Absorbing the property-casualty riskso these wealthy insureds is a handul o carriers specializing in the market, anddespite the eects o the recession, compe-tition is alive and well in the sector.ACE Private Risk Services most recently joined the ranks in January 2008 ateracquiring the high net worth personallines insurance business o The AtlanticCompanies. “The economy has made peopleexamine their spend(ing) or insurance andthe value they’re getting, which we seeas a plus or us as a new market entrant,”says Wetteland.ACE is now competing against veteransin the business—Chubb Personal Insur-ance, Fireman’s Fund, Travelers and ChartisPrivate Client Group (American Interna-tional Group’s new name or its p-c andgeneral insurance business). The insurersoer packages o insurance policies andendorsements addressing the unique risktranser needs o high net worth individu-als, with products like Masterpiece (Chubb)and Platinum Portolio (ACE). Since thewealthy can be cleaved into sub-categorieslike “new money” or “ultra-auent,” thepolicies within the packages are custom-tailored to each insured’s particular profle.There are subtle dierences in theoerings rom the insurers, rom cover-age limits to policy cost, but most tend toprovide similar coverages and services. Freebackground screening o new hires, likenannies and fnancial advisers, is oeredby most o the carriers.(ACE and Fireman’sFund actually use the same internationalsecurity frm—The Guidry Group.) Sincethe insurers absorb the risk o a nanny orfnancial adviser causing fnancial loss, thebackground screening makes sense. “Whilemost fnancial advisers are men and womeno high skill, integrity and unimpeachablecharacter, recent scams like (Bernie) Mad-o give pause or consideration among thewealthy, whose status invites greater expo-sure to such risks,” explains Wetteland.He explains the penny pinching thisway: “Many auent people have about75% o their total wealth wrapped up intheir investment portolios, which isn’tinsurable. The other 25%, represented bytheir homes, boats, cars and property, isinsurable. With portolios worth perhaps40% less than two years ago, more ocusis being given the insurable portion. Andthat’s where we come in.”Other agents servicing high net worthindividuals report similar fndings. “We’refelding a lot o calls rom clients abouttheir renewal policies, looking or ways toamend coverages or reduce the premium,more so than I’ve seen in the past,” saysBrian Bettini, president o San Raael,Cali.-based Allen, Bettini & Carter.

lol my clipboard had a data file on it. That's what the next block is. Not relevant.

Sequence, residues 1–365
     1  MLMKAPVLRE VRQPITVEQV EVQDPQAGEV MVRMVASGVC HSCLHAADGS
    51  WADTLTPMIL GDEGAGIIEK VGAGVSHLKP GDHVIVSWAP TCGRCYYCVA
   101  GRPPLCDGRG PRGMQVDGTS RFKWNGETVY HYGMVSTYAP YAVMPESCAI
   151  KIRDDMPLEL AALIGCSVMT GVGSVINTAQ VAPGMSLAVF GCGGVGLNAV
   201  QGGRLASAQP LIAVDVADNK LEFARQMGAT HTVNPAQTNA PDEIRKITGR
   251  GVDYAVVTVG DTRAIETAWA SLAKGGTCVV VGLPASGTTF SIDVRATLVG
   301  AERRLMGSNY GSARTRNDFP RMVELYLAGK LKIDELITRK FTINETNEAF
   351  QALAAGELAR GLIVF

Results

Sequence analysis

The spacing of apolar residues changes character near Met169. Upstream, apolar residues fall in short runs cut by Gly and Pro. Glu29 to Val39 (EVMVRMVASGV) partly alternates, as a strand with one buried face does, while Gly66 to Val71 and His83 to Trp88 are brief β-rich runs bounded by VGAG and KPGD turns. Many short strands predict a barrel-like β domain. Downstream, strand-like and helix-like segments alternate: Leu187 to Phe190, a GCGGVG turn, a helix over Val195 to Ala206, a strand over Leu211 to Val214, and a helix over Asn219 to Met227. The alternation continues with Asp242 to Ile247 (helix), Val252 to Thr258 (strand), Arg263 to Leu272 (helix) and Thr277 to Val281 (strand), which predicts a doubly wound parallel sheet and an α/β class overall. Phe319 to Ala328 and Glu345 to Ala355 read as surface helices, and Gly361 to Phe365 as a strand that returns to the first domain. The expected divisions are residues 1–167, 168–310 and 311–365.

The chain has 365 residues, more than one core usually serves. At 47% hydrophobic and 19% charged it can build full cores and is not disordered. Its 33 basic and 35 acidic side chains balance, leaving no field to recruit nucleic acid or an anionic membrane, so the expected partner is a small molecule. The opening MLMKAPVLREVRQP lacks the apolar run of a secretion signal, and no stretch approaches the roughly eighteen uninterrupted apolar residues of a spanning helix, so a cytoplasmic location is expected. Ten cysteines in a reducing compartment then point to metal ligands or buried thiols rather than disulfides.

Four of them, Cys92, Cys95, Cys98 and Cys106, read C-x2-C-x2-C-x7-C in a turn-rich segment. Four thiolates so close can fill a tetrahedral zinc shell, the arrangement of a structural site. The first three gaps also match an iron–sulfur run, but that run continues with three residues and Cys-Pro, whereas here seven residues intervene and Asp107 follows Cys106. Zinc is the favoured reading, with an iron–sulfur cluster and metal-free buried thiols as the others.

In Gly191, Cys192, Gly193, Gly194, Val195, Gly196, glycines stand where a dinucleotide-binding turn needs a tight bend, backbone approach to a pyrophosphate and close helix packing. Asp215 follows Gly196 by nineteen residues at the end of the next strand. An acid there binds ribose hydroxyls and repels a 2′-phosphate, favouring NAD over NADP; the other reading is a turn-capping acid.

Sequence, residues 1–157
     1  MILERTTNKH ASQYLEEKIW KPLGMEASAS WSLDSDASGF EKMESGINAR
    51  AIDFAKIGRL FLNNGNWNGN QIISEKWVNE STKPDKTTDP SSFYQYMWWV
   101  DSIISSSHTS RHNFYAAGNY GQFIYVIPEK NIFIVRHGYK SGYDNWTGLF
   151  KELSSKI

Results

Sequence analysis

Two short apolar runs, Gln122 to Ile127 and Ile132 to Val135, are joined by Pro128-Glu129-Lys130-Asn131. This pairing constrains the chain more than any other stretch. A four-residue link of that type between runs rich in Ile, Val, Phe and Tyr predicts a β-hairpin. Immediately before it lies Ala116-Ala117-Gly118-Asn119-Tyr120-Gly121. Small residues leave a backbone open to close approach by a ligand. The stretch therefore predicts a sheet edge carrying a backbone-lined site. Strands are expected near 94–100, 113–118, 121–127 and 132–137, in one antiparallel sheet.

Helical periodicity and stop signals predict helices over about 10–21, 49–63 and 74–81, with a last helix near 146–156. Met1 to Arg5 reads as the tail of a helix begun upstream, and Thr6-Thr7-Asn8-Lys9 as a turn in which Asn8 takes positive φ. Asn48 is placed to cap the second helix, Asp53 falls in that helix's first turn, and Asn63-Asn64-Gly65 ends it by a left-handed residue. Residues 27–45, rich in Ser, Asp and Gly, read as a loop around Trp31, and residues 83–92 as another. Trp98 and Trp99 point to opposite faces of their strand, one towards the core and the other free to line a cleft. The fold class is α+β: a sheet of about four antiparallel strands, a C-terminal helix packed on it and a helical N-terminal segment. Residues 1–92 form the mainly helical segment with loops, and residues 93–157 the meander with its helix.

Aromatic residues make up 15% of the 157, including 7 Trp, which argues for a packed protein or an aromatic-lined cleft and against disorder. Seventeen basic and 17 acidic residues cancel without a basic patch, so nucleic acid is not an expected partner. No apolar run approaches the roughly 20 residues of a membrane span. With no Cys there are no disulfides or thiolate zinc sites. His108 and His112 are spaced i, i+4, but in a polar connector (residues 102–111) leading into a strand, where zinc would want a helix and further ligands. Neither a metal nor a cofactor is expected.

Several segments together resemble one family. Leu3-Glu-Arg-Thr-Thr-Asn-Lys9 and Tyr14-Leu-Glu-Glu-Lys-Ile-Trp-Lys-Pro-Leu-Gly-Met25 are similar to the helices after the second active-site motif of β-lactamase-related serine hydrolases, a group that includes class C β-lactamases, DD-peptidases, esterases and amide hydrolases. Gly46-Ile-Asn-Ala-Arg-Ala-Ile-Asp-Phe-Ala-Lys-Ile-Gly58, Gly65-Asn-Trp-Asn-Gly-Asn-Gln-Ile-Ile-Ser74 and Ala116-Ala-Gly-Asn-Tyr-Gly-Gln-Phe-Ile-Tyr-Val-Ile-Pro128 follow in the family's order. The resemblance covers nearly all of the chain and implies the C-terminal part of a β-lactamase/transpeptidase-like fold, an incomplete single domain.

Recession Breeds New Risks
While the rich are still rich, they’re nowhesitant to pay more or some things.Santana, Bettini and Glunt acknowledgethat they are working closer with clients tostreamline insurance costs, while counsel-ing wealthy clients on how to decrease andmitigate new risks caused by the reces-sion. “Wealthy people, just like the rest o us, have lost signifcant amounts in theirinvestment portolios and are suddenlyvery concerned about protecting the assetsthey have,” says Claudia Wetteland, seniorvice president o ACE Private Risk Services.“In a downturn they become a target orlawsuits. Even i the suits are unsubstanti-ated, they still need proper coverage.”When people lose their jobs, go througha home oreclosure and/or suer devastat-ing investment losses, they’re more apt tocommit crimes. For example, a disgruntlednanny, gardener or chaueur let go orfnancial reasons might fnd cause to suea ormer employer or wrongul termina-tion, discrimination or sexual harassment.More ethically-minded people in thesedifcult times also create risks or theauent. “An average income earner mightreduce his or her auto liability limits,”says Santana. “We’re advising our clientsto increase their uninsured/underinsuredmotorists coverage.”She’s also suggesting broader liabilityprotection at higher limits, to protect